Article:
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Buoyancy Calculator: How Much Do You Need in Dive Weights?
Diving weights make all the difference
By John Brumm Updated: April 15, 2019
Pool dive weight test
Kathy Danca Galli
It’s the bane of all divers. We want to go down, but the inherent buoyancy in our wetsuits, our BCs, our lungs and our fat cells are all conspiring to keep that from happening.
To overcome the force of buoyancy you have to counterbalance it with ballast weight. The question is, how much in dive weights will you need? While the answer is different for every diver, the goal is the same: carry enough weight to enable you to function efficiently and safely at all depths, and not an ounce more.
Divers are generally taught to define this as being neutrally buoyant at 15 feet deep while wearing an empty BC and carrying a nearly empty tank. But how do you get there? There’s the basic ballpark method — carry 10 percent of your body weight in lead. Or there’s the surface float method — in full scuba gear, load enough weight to enable you to float with the water at eye level (some would say at the hairline).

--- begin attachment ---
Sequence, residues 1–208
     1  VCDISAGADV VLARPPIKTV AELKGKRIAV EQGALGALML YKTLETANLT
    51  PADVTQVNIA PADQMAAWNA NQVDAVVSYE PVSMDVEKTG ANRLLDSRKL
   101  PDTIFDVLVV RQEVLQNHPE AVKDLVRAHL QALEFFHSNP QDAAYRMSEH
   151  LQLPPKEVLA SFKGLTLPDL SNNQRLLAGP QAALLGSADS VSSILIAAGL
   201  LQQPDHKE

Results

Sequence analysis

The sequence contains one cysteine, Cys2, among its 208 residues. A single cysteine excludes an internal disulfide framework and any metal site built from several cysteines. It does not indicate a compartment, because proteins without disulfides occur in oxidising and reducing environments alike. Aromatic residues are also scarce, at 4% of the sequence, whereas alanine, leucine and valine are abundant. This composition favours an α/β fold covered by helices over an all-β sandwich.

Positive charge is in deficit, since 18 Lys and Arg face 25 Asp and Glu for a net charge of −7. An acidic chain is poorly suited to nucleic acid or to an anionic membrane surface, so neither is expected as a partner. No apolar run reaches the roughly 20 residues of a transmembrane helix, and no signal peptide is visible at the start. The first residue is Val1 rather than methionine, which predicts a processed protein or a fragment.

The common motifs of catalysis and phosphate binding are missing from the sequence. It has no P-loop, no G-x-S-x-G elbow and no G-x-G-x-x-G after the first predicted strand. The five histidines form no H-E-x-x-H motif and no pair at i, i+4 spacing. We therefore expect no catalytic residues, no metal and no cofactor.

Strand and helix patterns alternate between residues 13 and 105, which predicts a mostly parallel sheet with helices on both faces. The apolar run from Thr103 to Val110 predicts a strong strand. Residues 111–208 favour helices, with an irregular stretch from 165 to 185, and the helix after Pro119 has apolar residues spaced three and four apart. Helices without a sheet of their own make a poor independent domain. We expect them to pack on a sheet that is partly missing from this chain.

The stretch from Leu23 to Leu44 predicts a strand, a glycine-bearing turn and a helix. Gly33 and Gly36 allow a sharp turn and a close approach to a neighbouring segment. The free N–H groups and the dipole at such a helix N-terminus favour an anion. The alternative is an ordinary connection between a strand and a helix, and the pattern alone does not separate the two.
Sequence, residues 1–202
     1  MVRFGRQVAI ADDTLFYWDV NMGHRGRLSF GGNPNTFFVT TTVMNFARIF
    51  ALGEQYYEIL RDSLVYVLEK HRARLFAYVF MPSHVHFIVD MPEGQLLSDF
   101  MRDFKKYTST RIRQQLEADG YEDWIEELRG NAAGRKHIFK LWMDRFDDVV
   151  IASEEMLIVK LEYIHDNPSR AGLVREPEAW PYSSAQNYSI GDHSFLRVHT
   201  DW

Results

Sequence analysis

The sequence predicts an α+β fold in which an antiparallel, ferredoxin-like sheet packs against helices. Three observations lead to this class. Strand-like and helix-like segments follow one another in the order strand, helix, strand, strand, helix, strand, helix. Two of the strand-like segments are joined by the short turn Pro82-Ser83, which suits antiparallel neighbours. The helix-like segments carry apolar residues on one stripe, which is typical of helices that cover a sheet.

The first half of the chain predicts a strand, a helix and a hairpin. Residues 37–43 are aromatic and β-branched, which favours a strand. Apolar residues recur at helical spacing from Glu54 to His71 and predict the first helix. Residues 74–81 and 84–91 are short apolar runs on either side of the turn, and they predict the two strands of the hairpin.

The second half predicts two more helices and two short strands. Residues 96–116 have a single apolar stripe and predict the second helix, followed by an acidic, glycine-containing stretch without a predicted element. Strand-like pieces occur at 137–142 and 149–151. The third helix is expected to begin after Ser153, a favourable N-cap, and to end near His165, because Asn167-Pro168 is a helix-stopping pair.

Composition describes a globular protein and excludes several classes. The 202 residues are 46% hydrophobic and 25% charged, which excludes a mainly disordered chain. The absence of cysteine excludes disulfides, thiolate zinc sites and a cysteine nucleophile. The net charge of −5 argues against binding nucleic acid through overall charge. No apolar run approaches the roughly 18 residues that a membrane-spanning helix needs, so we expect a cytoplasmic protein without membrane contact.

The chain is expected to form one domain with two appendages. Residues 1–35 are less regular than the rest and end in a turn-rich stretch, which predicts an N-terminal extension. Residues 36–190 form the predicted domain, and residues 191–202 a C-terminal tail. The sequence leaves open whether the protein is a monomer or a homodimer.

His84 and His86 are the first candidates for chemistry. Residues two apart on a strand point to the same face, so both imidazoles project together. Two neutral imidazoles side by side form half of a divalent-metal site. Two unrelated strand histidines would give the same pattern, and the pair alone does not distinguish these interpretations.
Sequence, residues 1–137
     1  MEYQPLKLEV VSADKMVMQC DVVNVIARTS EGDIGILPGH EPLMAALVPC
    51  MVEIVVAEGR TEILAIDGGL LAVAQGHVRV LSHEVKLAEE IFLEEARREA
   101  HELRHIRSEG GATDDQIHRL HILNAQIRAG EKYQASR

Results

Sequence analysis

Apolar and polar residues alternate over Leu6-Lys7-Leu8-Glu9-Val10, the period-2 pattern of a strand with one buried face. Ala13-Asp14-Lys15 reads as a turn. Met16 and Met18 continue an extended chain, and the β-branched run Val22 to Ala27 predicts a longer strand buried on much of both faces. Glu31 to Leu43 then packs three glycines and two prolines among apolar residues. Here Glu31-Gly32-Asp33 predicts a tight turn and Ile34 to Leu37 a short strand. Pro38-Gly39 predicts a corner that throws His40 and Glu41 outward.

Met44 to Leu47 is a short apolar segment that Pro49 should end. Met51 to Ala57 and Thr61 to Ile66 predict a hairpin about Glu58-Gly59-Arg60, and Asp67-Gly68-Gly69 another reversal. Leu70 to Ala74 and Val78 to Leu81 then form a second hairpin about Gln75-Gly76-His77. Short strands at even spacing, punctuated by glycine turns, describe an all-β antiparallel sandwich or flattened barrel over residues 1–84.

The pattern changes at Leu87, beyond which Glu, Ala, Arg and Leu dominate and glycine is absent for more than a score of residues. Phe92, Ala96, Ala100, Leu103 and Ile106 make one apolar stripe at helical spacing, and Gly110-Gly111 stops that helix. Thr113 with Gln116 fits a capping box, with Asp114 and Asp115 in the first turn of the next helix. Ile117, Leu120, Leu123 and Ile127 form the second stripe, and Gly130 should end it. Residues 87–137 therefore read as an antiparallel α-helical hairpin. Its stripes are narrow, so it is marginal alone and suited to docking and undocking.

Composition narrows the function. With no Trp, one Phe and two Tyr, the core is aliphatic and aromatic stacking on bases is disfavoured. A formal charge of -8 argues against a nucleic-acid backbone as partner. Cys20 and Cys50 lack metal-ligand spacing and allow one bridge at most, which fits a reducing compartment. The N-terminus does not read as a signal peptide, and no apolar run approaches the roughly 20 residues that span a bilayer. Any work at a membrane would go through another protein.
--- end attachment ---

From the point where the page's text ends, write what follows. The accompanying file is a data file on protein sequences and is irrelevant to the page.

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But rather than just blindly piling on the lead, why not break it down to find out why you need to carry the weight you do, and what specifically you are counterbalancing. By deconstructing your buoyancy status, you know exactly where your counterweight needs are greatest, and that might reveal ways to reduce the amount of weight you ultimately have to carry. Here’s how:
STEP 1: Calculate for Your Body